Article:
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Author Topic: Links to the Past  (Read 1503 times)

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Offline swampwhiteoak

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Links to the Past
« on: December 17, 2001, 12:50:25 PM »
This was posted to an email list, from David South, Professor at Auburn University.  I think it's pretty interesting, particularily the Gifford Pinchot articles.  For those that are not aware, Pinchot was the first chief of the Forest Service and considered the father of modern forestry in the US.  
_______________________________________ _______

I have a few holiday presents for my forestry friends around the world.

A 1939 publication about "American Southern Pine."
by W. LeRoy Neubrech
Size about 6.3 Mb...

A 1941 filmstrip about "Chestnut Blight."
Use the left mouse button to advance slides.

A 1942 filmstrip about "The Farm and the Farm Woods."

A filmstrip about "Farm Forestry in the South."
Use the left mouse button to advance slides.




Offline woodmills1

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Re: Links to the Past
« Reply #1 on: December 17, 2001, 03:07:13 PM »
great links to the glorious past. :)

i pasted this from

It was at Grey Towers that James Pinchot first encouraged his son to explore the profession of forestry. But such training did not yet exist in the United States, so, after graduating from Yale University in 1889, Gifford went abroad to study at LEcole Nationale Forestiere in Nancy, France.

When I got home at the end of 1890 . . . the nation was obsessed by a fury of development. The American Colossus was fiercely intent on appropriating and exploiting the riches of the richest of all continents.
With equal fervor Pinchot set to work. In the next two decades he raised forestry and conservation of all our natural resources from an unknown experiment to a nationwide movement. He became head of the Division of Forestry in 1898 and under President Theodore Roosevelt was named Chief Forester of the redefined U.S. Forest Service. National forest management was guided by Pinchots principle, the greatest good of the greatest number in the long run. His magnetic personal leadership inspired and ignited the new organization.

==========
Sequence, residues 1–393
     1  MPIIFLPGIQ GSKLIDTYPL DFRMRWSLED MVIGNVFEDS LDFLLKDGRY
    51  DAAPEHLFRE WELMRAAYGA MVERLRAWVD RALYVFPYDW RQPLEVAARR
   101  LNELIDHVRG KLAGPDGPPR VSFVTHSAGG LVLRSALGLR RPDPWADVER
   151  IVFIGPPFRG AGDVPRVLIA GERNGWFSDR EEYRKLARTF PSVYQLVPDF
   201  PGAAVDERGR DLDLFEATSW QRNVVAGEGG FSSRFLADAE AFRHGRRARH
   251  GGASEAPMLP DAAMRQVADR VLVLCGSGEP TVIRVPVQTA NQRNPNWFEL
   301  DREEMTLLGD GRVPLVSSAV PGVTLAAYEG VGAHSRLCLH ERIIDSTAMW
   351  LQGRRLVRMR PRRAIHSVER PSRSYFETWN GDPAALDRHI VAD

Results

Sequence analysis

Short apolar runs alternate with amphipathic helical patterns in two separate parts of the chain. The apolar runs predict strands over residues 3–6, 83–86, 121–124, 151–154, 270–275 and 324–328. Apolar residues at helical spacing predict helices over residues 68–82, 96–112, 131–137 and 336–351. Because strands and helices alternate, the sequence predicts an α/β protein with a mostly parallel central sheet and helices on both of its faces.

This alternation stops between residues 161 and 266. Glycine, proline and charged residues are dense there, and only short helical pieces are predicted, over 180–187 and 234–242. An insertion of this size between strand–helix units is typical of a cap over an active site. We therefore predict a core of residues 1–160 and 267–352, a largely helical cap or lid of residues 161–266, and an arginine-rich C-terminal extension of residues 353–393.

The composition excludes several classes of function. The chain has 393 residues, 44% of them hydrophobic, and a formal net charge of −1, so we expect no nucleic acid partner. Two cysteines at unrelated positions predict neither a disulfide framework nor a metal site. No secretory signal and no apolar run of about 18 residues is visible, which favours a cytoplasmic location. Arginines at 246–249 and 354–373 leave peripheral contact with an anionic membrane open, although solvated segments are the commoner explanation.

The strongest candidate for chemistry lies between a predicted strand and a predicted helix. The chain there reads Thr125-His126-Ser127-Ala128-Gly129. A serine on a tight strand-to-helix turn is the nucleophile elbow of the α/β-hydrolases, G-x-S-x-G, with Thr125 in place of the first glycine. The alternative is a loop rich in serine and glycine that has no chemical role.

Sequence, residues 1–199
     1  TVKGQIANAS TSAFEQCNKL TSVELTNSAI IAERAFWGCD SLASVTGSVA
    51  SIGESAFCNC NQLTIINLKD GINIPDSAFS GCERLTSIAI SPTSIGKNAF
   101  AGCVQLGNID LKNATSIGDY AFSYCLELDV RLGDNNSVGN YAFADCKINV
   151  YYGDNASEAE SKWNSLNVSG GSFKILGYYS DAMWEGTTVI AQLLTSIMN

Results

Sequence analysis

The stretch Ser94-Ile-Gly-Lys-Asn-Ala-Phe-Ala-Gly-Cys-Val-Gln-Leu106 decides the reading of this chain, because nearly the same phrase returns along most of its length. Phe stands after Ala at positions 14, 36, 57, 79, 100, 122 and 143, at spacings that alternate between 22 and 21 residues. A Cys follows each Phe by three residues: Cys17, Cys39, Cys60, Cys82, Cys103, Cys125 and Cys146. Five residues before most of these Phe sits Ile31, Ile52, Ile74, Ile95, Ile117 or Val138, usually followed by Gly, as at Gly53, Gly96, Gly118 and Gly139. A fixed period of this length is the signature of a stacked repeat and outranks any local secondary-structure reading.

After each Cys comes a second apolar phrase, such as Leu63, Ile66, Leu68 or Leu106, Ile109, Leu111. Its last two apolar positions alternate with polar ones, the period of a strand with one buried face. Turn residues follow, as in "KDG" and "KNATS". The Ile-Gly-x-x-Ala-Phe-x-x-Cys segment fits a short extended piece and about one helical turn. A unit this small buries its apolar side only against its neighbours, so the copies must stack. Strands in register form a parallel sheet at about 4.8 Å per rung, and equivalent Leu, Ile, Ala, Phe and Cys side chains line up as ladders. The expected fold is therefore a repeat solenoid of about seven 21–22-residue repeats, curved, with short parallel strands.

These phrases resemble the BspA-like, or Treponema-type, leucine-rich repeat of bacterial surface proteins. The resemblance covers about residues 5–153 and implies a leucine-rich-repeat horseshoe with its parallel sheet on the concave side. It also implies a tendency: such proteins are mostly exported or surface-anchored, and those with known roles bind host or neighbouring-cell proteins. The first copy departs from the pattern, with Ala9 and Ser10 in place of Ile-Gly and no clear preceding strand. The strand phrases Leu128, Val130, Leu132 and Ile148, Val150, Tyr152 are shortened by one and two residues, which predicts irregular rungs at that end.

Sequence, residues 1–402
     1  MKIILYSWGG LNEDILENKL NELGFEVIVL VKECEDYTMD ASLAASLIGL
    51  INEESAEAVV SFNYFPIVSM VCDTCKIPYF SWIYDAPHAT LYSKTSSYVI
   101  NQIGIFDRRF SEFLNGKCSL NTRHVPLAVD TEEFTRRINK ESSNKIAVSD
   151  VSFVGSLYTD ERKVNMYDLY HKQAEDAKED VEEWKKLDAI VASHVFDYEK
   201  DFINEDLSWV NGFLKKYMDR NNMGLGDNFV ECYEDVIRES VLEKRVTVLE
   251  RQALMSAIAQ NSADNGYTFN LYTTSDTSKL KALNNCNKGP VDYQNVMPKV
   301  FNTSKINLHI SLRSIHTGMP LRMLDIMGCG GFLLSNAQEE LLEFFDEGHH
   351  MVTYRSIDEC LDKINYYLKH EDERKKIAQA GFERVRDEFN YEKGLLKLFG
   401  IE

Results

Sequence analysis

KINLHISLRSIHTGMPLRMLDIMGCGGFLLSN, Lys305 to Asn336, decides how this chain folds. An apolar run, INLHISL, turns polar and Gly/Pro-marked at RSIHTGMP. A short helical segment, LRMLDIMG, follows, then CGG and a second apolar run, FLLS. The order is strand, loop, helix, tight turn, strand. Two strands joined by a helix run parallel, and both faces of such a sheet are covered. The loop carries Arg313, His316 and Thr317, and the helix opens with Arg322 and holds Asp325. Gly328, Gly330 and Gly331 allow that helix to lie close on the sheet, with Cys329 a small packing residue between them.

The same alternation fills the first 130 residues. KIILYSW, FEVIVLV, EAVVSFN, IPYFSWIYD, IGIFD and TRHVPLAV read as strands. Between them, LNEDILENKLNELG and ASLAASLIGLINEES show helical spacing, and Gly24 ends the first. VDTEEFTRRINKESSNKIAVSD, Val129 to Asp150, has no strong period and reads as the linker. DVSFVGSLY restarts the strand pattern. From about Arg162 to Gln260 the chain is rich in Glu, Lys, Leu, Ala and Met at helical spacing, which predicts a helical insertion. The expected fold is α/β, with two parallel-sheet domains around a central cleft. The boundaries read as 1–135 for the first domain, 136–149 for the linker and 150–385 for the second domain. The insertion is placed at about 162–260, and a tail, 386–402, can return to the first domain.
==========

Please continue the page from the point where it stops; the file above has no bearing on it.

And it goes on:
During his government service, the number of national forests increased from 32 in 1898 to 149 in 1910 for a total of 193 million acres. Pinchot and Roosevelt together made conservation public issue and national policy. Roosevelt considered the enactment of a conservation program his greatest contribution to American domestic policy. In speaking of Gifford Pinchots role:

". . . among the many, many public officials who under my administration rendered literally invaluable service to the people of the United States, Gifford Pinchot on the whole, stood first."
Theodore Roosevelt

James Mills,Lovely wife,collect old tools,vacuuming fool,36 bdft/hr,oak paper cutter,ebonic yooper rapper nauga seller, Blue Ox? its not fast, 2 cat family, LT70,edger, 375 bd ft/hr, we like Bob,free heat,no oil 12 years,big splitter, baked stuffed lobster, still cuttin the logs dere IAM

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